More Gherkin And IT As A Business Strategy – Back at the Gherkin event, two of the primary vendors who were present for the discussions actually substantiated the previous blog comments about basing a security strategy around the business, rather than as a bolt-on.
Both Apstra and NetFoundry have somewhat “challenging” strap lines – “intent-based networking” and “Network as a Service meets Connectivity as a Code” respectively, but dig beneath the marketing-ese in each case and you get to some real foundational IT – proper building blocks for the artist formerly known as networking and WAN connectivity. We went through that whole “middleware” phase 20 years ago, but no one really knew what it actually was. Apstra and NetFoundry do, but they don’t call it that. But in both cases, this really is “glue” code – layers that pull networking, apps and services together, and optimise the management and delivery thereof.
Apstra does the “orchestration” job that, again, many vendors once claimed to do, but a) couldn’t and b) didn’t really know exactly what it was they were trying to do in the first place, hence point a). It automates the conversations between the network elements and the life-cycle they create – hence it works as the business itself works – as a flow of information and services that makes a business, well, a business. And optimises it in turn. Equally, NetFoundry plays an equivalent role outside of the data centre, controlling the destiny of applications – essentially turning apps into secure private networks. Years ago, many of the major networking vendors were talking up the idea of “the application is the network”. But it wasn’t – not back then. By that they simply meant some prioritisation mechanisms. Ones that no one ever enabled on their routers and switches. This is proper embedded code so, again, it is a fundamental building block.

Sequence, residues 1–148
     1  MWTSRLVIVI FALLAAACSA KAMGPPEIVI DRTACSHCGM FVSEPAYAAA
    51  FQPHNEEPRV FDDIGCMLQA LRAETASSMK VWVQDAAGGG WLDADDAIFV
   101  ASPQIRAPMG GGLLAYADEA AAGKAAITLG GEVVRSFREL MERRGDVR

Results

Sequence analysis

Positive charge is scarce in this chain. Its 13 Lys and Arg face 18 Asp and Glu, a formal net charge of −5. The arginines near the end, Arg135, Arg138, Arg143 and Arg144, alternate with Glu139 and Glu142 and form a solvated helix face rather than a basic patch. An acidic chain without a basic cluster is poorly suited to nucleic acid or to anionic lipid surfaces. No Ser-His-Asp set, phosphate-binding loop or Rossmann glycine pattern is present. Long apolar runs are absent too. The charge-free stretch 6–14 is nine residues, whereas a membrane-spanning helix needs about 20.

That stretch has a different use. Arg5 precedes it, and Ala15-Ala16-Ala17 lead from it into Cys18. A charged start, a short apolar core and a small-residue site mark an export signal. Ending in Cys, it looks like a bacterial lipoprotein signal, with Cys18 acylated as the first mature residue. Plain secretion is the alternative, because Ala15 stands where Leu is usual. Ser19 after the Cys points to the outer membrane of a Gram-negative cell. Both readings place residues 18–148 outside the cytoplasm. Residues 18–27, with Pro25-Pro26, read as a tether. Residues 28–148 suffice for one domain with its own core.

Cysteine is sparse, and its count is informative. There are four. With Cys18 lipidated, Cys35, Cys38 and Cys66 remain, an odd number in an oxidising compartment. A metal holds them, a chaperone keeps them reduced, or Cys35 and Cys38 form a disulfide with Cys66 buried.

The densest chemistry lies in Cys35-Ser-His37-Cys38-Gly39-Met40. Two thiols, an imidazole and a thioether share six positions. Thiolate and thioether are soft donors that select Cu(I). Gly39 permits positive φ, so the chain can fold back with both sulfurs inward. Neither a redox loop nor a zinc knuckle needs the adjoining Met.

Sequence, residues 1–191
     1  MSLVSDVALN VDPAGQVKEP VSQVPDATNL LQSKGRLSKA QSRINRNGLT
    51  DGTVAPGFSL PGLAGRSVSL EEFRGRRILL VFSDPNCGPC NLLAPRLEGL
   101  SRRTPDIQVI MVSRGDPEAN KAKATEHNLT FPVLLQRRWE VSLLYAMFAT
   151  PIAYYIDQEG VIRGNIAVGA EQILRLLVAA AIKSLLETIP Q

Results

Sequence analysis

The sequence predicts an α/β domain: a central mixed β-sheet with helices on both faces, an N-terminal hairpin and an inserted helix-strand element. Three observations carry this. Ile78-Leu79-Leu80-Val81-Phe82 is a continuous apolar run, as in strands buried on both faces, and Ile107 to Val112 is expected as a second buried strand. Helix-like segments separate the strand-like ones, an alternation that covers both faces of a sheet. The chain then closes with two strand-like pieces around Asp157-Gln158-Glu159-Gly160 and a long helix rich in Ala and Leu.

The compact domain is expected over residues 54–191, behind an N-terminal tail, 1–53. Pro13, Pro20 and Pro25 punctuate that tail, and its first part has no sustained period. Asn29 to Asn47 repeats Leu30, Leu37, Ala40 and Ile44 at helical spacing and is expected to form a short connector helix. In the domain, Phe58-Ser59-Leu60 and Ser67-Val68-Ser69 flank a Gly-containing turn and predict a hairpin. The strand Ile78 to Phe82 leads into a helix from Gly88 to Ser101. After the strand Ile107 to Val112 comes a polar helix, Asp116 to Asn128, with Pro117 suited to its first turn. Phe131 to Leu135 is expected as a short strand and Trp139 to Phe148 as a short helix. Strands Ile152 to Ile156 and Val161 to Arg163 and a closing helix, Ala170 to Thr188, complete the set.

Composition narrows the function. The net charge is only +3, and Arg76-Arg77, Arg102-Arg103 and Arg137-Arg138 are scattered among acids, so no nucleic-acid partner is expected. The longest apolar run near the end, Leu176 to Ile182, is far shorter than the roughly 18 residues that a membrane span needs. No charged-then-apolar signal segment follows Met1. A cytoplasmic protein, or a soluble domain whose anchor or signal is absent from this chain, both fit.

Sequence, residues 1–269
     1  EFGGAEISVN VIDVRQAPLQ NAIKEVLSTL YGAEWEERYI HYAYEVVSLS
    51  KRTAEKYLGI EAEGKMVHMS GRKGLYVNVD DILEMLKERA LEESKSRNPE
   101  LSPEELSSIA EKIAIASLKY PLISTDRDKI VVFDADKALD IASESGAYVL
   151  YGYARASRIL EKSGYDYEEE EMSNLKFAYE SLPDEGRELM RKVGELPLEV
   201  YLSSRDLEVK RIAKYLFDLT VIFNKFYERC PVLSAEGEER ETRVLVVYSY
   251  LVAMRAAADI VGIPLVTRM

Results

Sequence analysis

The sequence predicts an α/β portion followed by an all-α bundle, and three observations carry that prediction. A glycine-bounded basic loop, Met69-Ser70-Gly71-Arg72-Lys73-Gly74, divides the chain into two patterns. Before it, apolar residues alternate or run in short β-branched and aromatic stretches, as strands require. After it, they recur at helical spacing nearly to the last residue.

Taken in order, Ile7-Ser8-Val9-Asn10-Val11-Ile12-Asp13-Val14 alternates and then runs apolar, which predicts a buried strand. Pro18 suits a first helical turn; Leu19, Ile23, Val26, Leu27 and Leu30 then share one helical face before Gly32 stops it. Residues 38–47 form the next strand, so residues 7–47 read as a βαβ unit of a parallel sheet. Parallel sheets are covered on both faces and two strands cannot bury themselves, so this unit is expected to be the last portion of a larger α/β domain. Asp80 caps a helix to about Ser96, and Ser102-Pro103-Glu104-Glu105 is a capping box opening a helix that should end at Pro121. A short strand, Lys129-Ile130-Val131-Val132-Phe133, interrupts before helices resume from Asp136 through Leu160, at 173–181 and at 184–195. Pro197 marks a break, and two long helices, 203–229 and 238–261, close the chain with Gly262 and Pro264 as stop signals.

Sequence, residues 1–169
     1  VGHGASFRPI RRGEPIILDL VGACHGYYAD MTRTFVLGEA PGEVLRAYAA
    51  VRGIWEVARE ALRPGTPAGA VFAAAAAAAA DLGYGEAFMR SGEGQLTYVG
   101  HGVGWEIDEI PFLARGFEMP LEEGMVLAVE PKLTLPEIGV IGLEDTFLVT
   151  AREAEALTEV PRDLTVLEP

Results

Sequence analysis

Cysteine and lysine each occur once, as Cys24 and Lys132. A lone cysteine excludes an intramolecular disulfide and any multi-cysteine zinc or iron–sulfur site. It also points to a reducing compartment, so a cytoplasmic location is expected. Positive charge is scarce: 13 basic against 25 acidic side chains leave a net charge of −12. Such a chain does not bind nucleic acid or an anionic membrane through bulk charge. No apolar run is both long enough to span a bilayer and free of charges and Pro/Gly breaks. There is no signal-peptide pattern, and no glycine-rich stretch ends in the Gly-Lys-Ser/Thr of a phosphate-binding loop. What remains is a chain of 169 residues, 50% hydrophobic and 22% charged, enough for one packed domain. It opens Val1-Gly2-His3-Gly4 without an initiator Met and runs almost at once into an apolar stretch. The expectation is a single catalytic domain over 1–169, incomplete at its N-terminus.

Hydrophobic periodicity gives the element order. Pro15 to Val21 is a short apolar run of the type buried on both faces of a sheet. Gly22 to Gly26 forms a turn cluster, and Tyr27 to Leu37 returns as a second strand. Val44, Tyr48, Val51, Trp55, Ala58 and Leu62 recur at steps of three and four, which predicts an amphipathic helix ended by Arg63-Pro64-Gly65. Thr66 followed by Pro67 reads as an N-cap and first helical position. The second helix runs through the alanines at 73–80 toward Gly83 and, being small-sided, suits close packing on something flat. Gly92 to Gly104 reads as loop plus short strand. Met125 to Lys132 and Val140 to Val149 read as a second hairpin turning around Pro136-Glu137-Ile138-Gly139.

I like this approach. I can throw another layer into the mix too – the control of the basic business flow process, and that is thingamy.com – if you haven’t checked these guys out, then do. It’s what turns the likes of ERP and related processes into something designed to work in 2020 and beyond, not 1980.
Who knows – IT might actually work one day -))))